Michael Kent’s not a skinhead anymore, and to prove it, he got rid of his swastika tattoos.

Kent credits his change of heart to his parole officer, an African-American woman who helped change his views on race and white nationalism, ABC News reports. Tiffany Whittier even encouraged him to replace his Nazi flag tattoos with smiley faces. She put him in touch with Redemption Ink, a non-profit dedicated to helping people remove hate-based tattoos, and Kent spent 15 hours erasing that part of his life.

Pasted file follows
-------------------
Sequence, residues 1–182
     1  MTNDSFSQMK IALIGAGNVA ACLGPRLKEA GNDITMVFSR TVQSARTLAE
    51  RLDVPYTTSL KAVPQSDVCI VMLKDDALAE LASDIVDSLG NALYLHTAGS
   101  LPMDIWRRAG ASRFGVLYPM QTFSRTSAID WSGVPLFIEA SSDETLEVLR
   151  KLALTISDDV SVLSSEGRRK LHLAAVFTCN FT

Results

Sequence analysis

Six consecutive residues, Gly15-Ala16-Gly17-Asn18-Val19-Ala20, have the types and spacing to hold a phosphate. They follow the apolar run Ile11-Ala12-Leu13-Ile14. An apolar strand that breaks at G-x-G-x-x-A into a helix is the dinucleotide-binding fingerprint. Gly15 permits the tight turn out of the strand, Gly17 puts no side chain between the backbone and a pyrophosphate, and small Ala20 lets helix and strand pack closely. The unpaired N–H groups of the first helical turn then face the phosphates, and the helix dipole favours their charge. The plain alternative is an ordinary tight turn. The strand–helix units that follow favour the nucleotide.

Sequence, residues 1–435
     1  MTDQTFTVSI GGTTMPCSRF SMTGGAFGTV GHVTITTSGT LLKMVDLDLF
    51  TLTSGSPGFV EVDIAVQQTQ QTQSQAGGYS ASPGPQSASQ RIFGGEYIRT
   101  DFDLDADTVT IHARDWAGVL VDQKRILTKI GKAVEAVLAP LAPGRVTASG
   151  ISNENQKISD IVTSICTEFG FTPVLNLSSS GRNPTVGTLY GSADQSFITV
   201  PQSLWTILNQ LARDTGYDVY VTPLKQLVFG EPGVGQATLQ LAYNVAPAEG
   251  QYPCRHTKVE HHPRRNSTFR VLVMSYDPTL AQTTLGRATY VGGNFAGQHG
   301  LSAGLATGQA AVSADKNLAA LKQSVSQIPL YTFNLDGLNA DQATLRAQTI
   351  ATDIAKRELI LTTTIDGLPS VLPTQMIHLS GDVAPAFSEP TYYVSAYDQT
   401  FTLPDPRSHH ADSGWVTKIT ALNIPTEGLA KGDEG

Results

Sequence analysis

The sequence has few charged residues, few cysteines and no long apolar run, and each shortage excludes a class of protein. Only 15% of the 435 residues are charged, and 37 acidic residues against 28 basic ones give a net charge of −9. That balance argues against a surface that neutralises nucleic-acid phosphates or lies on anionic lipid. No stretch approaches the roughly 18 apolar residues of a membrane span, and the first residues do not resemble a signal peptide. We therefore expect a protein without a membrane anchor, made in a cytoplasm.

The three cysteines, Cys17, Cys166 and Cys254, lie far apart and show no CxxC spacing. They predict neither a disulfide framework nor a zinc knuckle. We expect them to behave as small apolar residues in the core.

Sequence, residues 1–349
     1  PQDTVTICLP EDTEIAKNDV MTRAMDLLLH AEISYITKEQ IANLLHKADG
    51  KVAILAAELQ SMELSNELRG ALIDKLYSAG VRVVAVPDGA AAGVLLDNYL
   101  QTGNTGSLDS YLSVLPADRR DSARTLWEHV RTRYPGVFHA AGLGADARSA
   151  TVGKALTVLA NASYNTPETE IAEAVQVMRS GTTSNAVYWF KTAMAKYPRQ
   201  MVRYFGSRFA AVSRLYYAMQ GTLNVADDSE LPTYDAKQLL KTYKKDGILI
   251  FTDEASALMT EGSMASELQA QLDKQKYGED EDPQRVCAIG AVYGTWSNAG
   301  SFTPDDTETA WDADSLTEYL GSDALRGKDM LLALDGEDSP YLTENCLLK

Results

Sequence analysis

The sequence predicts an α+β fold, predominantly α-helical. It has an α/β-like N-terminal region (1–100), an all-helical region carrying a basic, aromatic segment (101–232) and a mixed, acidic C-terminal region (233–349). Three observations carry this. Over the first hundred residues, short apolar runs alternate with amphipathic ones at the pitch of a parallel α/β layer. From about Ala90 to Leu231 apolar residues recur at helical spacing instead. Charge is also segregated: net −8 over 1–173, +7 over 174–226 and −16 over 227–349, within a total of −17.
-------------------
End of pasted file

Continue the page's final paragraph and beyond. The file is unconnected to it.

“If it wasn’t for her I would have seeped back into it,” Kent says. “I look at her as family.”

Whittier says it isn’t her job to be judged. “My job is to be that positive person in someone’s life.”

Kent now works at a chicken farm in Colorado with mostly Hispanic coworkers, a big change from only a few years ago when he refused to work with anyone who wasn’t white.

“I don’t want my kids to live the life I lived and live with hate,” he says. “I want my kids to know me for who I am now—a good father, a hard worker, and a good provider.”

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